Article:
Trial Type: Colorectal Cancer
Trial Status: Past Trial

 
Edward Lin, MD
Fred Hutchinson Cancer Research Center, University of Washington

The usual treatment for metastatic colorectal cancer includes chemotherapy, radiation and surgical resection. Unfortunately, the average survival rate has been only 20-24 months.

In a Phase I pilot study, Dr. Lin’s team was able to achieve a survival rate of approximately 94+ months using a new approach called ADAPT – Activate tumor from Dormancy And Potentiate its Targeting. Dormant cancer stem cells resist chemotherapy and survive to grow new tumors. The ADAPT method “wakes up” the stem cells so they become vulnerable to chemotherapy. In the pilot study, the cells were exposed to both a chemotherapeutic assault and a common anti-inflammatory drug which damaged their ability to act as stem cells. The improved survival rate indicated there may be an advantage for a non-surgical approach.

This exciting Phase II study will compare this new Two-Step ADAPT regimen to the standard of care for metastatic colorectal patients. In addition to hoping to achieve long-term, cancer-free results, Dr. Lin is looking for genetic tumor biomarkers that may predict which patients will best respond to the ADAPT therapies. [Awarded 2011]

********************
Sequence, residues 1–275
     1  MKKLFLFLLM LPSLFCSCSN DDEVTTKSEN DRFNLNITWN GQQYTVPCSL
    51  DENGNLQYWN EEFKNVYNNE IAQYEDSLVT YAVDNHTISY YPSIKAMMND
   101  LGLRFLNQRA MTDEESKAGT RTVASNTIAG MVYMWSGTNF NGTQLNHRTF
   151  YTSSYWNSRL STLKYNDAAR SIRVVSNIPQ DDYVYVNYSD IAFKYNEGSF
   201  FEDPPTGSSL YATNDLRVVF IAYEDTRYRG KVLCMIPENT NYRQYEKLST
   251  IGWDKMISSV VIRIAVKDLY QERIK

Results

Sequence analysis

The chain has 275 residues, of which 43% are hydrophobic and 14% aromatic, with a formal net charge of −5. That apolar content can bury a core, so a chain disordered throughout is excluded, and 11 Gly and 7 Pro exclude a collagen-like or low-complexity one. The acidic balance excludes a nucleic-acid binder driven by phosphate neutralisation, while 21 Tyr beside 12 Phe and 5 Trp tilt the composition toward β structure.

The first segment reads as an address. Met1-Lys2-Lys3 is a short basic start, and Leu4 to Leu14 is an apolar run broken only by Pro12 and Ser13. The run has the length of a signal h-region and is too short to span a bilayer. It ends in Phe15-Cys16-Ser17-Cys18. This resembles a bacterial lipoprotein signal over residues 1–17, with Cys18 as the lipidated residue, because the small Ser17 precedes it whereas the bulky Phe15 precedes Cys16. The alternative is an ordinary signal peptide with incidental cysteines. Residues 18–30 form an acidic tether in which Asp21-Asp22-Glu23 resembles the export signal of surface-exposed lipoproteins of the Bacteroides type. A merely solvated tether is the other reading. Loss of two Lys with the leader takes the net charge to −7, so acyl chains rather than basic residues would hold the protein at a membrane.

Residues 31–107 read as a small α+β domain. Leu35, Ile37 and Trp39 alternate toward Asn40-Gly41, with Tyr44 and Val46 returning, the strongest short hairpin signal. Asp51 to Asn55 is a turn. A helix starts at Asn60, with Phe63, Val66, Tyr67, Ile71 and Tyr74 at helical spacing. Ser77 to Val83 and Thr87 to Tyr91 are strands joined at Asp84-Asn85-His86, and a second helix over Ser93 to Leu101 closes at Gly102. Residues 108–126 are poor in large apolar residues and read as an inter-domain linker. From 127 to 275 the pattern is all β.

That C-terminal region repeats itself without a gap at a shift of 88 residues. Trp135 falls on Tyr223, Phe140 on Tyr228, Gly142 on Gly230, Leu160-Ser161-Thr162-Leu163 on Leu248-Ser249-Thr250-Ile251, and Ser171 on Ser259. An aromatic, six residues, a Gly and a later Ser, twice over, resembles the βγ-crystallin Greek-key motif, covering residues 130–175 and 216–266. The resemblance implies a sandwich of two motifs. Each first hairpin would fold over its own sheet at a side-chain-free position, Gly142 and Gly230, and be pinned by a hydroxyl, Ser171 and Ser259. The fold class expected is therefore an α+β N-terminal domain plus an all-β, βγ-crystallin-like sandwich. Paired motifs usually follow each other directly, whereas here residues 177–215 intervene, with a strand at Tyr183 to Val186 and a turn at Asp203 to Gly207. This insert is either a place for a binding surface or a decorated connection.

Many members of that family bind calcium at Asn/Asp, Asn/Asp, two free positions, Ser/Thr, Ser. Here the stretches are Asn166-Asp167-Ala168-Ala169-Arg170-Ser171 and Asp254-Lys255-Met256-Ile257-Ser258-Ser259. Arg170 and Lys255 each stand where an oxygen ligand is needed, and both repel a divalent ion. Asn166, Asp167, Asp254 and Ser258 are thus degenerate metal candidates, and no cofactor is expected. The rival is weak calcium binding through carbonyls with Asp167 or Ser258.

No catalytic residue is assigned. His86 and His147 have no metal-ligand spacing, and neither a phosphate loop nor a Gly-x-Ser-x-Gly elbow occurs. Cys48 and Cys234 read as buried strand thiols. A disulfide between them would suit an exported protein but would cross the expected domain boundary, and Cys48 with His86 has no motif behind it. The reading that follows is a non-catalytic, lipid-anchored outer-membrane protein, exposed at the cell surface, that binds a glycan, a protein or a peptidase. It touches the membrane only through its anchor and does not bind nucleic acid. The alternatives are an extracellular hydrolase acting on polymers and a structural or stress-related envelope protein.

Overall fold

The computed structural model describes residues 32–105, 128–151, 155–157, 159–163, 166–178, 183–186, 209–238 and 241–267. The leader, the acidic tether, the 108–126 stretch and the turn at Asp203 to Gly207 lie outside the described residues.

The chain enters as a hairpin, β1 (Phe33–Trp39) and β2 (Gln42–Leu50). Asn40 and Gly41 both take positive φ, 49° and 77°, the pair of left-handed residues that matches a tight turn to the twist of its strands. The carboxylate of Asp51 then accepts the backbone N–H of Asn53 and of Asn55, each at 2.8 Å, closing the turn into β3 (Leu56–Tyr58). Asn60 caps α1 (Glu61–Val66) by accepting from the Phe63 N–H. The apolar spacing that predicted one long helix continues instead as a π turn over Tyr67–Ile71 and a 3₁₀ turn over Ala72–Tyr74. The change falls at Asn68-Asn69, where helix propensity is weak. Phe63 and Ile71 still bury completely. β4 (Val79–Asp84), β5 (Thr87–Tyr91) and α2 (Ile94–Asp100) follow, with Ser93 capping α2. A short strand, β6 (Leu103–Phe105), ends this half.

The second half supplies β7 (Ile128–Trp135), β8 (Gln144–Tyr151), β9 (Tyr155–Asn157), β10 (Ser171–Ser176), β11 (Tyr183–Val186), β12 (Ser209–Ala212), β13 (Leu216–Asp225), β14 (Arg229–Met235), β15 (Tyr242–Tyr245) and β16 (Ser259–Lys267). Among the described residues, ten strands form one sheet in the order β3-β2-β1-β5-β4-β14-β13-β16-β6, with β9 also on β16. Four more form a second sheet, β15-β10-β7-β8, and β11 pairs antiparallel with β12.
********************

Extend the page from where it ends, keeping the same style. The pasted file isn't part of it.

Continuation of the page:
Clinical Summary
A multi-center randomized phase II trial of ADAPT therapy vs standard of care for patients with metastatic colorectal cancer. Colorectal cancer is a common and deadly cancer. The chief cause of treatment failure is due to the presence of cancer stem cells. The cancer stem cells go into hibernation during chemotherapy and ‘wake up’ when chemotherapy is withdrawn or the tumor cells become tolerant to drugs. To target the cancer stem cells is by activating these cells from dormancy and priming them for subsequent targeting. In this phase II clinical trial, Dr. Lin is studying the effects of his two step ADAPT therapy on metastatic colorectal cancer patients. Dr. Lin’s unique therapy combines two drugs: Xeloda (chemotherapy drug) with Celebrex a nonsteroidal anti-inflammatory drug that is often used for treating arthritis. It is the unique combination of these two drugs that has improved the outcome of colorectal cancer by targeting the cancer stem cells. “We’re using the Gateway funding to prospectively prove that you can induce complete remission in patients with colon cancer,” said Dr. Lin. Further, this phase II colon cancer study will determine if specific biologic markers can help predict which patients are likely to respond to the ADAPT therapy.

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